I will propose an answer that works fast and perfectly if you are looking for `exact match`

both in size and in image values.

The idea is to calculate a brute force search of the wanted `h x w`

*template* in a larger `H x W`

image. The bruteforce approach would consist in looking at all the possible `h x w`

windows over the image and check for pixel by pixel correspondence within the template. This however is very computationally expensive, but it can be accelerated.

```
im = np.atleast_3d(im)
H, W, D = im.shape[:3]
h, w = tpl.shape[:2]
```

By using the smart integral images one can calculate really fast the sum inside of a `h x w`

window starting at every pixel. An integral image is a summed area table (cumulative summed array), that can be calculated with numpy really fast as:

```
sat = im.cumsum(1).cumsum(0)
```

and it has really nice properties, such as the calculation of the sum of all the values within a window with only 4 arithmetic operations:

Thus, by calculating the sum of the template and matching it with the sum of `h x w`

windows over the integral image, it is easy to find a list of "possible windows" where sum of inside values is the same as the sum of the values in the template (a quick approximation).

```
iA, iB, iC, iD = sat[:-h, :-w], sat[:-h, w:], sat[h:, :-w], sat[h:, w:]
lookup = iD - iB - iC + iA
```

The above is a numpy vectorization of the operation of shown in the image for all the possible `h x w`

rectangles over the image (thus, really quick).

This will reduce a lot the number of possible windows (to 2 in one of my tests). The last step, would be to check for exact matches with the template:

```
posible_match = np.where(np.logical_and.reduce([lookup[..., i] == tplsum[i] for i in range(D)]))
for y, x in zip(*posible_match):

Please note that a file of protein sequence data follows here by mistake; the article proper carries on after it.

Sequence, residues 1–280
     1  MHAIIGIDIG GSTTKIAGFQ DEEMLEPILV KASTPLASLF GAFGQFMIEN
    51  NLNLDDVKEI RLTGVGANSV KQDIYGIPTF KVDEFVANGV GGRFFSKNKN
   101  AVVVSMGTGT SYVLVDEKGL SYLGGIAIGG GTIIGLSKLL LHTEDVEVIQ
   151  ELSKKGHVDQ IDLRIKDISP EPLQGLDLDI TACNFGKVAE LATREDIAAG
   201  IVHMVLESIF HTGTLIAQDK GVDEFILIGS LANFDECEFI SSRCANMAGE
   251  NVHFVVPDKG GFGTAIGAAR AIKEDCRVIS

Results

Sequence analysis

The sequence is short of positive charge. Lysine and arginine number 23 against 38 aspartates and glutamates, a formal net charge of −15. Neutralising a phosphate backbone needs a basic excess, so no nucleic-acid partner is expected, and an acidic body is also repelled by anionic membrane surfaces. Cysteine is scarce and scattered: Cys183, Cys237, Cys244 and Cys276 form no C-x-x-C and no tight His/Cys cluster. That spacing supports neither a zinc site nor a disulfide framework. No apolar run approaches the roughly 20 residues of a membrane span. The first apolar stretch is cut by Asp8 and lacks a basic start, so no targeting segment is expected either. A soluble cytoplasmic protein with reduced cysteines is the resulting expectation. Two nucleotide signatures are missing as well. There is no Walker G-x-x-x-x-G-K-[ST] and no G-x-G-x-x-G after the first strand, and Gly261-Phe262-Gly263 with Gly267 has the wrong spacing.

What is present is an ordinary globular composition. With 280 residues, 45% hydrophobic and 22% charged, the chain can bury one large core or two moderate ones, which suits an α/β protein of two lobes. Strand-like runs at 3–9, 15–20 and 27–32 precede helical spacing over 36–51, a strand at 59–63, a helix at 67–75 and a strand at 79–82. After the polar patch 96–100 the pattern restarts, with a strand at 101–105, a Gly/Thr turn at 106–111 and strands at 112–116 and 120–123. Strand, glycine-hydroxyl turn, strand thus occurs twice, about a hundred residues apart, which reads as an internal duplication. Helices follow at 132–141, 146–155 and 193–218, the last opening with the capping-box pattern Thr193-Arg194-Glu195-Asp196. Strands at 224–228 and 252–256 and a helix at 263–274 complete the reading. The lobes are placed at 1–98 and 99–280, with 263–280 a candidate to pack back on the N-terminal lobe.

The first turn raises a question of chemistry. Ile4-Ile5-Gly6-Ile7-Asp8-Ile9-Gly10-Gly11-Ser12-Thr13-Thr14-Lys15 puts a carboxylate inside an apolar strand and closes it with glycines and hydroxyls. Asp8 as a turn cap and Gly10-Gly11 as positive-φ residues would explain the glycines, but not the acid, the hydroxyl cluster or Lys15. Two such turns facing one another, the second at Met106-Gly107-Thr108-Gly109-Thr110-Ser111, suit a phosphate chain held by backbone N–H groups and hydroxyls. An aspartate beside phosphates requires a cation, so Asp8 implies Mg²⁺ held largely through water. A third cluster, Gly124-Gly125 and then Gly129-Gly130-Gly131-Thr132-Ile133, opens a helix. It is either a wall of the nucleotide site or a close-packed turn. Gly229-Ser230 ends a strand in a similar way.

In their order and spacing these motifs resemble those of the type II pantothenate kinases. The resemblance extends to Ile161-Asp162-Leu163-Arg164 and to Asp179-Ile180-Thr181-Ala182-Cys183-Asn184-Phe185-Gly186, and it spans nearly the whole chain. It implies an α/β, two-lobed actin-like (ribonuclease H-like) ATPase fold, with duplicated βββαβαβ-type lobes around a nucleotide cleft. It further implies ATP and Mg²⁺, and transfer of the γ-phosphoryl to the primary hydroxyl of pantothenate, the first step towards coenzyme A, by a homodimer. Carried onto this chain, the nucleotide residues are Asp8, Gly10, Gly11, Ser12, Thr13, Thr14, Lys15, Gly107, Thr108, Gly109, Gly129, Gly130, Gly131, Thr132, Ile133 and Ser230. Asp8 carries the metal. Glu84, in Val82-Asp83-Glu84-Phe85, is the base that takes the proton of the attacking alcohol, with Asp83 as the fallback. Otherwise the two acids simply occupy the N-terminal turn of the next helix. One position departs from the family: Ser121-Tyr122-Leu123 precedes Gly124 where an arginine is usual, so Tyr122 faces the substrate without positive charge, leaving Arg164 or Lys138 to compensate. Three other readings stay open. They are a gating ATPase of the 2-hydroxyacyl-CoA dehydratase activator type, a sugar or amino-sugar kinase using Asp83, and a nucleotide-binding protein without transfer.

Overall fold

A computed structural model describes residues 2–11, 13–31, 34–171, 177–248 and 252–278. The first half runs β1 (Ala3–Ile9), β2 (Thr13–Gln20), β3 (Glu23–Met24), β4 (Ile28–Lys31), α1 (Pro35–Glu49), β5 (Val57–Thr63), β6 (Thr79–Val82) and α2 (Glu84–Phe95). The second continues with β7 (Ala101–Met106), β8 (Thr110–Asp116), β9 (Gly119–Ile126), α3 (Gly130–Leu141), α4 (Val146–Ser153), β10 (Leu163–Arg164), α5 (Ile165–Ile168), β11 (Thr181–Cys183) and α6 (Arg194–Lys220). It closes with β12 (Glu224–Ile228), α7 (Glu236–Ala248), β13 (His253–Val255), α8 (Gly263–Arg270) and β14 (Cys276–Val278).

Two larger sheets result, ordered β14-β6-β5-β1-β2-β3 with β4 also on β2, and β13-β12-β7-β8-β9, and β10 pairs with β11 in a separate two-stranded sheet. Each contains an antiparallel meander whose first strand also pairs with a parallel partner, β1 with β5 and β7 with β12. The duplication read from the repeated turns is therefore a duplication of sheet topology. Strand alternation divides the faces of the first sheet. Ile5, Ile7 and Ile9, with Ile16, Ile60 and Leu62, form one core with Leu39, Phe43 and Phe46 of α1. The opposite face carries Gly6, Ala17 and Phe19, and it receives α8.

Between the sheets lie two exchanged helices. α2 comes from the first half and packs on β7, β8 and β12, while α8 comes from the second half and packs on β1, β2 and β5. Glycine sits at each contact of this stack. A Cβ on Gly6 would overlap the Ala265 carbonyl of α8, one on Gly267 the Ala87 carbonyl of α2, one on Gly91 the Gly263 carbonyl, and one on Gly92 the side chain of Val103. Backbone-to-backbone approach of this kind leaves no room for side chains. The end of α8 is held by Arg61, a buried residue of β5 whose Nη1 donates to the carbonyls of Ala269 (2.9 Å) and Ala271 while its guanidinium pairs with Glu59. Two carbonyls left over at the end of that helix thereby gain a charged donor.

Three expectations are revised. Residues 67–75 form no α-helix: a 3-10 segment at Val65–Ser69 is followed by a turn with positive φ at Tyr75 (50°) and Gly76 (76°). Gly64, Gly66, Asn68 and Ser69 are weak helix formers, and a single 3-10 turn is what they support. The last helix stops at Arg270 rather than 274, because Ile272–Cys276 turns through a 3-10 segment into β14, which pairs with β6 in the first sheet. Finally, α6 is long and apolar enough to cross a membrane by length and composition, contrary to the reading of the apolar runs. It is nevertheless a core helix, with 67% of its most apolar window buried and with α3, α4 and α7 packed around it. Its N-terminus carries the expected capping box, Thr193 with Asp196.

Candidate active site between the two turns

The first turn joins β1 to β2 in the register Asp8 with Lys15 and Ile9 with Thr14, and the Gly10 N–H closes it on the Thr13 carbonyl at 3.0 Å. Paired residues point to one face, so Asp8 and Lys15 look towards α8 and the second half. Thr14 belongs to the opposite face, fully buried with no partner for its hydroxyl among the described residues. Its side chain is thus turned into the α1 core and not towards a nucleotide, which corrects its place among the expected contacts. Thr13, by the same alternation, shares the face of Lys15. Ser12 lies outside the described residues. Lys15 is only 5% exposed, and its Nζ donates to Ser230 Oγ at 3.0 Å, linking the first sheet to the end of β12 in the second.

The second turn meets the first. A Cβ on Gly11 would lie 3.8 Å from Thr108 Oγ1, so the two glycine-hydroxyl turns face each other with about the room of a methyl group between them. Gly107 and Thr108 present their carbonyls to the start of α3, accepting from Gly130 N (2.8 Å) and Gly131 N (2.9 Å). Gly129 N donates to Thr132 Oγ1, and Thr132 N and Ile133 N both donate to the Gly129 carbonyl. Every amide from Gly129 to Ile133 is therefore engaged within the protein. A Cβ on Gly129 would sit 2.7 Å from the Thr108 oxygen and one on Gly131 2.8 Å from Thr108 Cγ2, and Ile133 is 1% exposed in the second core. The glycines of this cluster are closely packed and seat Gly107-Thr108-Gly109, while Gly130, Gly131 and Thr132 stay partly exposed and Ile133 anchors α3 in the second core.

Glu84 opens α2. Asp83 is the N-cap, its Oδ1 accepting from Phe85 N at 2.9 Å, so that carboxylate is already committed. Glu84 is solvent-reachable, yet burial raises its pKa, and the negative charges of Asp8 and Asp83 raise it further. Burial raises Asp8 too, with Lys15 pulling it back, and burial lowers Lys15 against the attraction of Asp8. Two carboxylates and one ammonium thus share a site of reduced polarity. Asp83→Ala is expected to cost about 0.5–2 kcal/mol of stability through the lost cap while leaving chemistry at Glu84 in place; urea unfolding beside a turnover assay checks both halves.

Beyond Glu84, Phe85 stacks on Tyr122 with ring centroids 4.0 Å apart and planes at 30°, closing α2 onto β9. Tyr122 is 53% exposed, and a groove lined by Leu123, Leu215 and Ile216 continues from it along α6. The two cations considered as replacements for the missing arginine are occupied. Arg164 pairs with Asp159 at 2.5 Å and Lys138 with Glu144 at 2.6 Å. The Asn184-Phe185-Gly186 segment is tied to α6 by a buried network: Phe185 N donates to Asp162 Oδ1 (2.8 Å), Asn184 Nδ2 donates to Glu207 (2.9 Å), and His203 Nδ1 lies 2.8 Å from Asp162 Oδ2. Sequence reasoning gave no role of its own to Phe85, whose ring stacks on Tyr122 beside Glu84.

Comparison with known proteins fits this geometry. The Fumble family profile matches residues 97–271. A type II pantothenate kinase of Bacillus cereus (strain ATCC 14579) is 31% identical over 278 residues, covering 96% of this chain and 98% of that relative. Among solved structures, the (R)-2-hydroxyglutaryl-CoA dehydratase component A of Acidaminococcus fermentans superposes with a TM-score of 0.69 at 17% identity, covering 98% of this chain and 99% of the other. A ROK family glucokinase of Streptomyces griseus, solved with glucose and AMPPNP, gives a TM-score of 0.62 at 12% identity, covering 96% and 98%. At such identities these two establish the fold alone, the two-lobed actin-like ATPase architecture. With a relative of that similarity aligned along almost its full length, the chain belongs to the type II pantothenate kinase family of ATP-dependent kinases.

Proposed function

if np.all(im[y+1:y+h+1, x+1:x+w+1] == tpl):
return (y+1, x+1)
```

Note that here `y`

and `x`

coordinates correspond to the A point in the image, which is the previous row and column to the template.

Putting all together:

```
def find_image(im, tpl):
im = np.atleast_3d(im)
tpl = np.atleast_3d(tpl)
H, W, D = im.shape[:3]
h, w = tpl.shape[:2]
# Integral image and template sum per channel
sat = im.cumsum(1).cumsum(0)
tplsum = np.array([tpl[:, :, i].sum() for i in range(D)])
# Calculate lookup table for all the possible windows
iA, iB, iC, iD = sat[:-h, :-w], sat[:-h, w:], sat[h:, :-w], sat[h:, w:]
lookup = iD - iB - iC + iA
# Possible matches
possible_match = np.where(np.logical_and.reduce([lookup[..., i] == tplsum[i] for i in range(D)]))
# Find exact match
for y, x in zip(*possible_match):
if np.all(im[y+1:y+h+1, x+1:x+w+1] == tpl):
return (y+1, x+1)
raise Exception("Image not found")
```

It works with both grayscale and color images and runs in `7ms`

for a `303x384`

color image with a `50x50`

template.

A practical example:

```
>>> from skimage import data
>>> im = gray2rgb(data.coins())
>>> tpl = im[170:220, 75:130].copy()
>>> y, x = find_image(im, tpl)
>>> y, x
(170, 75)
```

And to ilustrate the result:

Left original image, right the template. And here the exact match:

```
>>> fig, ax = plt.subplots()
>>> imshow(im)
>>> rect = Rectangle((x, y), tpl.shape[1], tpl.shape[0], edgecolor='r', facecolor='none')
>>> ax.add_patch(rect)
```

And last, just an example of the `possible_matches`

for the test:

The sum over the two windows in the image is the same, but the last step of the function filters the one that doesn't exactly match the template.

`small`

image will appear in the`large`

image always in its original size and exactly with its original values? Or you need to deal with variable size`small`

images that might be`interpolated`

and handle`illumination`

variations? I mean, you mention`exact match`

, is it really exact? – Imanol Luengo Apr 16 '15 at 7:19`PNG`

format? I ask beause`JPEG`

s undergo quantisation and lossy compression and things that are apparently identical can differ in their internal representation. – Mark Setchell Apr 16 '15 at 10:33